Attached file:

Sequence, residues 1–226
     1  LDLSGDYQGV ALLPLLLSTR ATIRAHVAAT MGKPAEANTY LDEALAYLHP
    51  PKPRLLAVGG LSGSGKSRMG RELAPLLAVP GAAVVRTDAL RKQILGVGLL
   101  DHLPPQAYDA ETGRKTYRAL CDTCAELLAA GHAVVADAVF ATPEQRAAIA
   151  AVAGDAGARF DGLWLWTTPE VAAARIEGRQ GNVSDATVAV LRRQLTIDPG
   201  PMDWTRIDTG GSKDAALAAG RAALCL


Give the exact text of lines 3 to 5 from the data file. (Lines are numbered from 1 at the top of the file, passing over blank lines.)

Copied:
    51  PKPRLLAVGG LSGSGKSRMG RELAPLLAVP GAAVVRTDAL RKQILGVGLL
   101  DHLPPQAYDA ETGRKTYRAL CDTCAELLAA GHAVVADAVF ATPEQRAAIA
   151  AVAGDAGARF DGLWLWTTPE VAAARIEGRQ GNVSDATVAV LRRQLTIDPG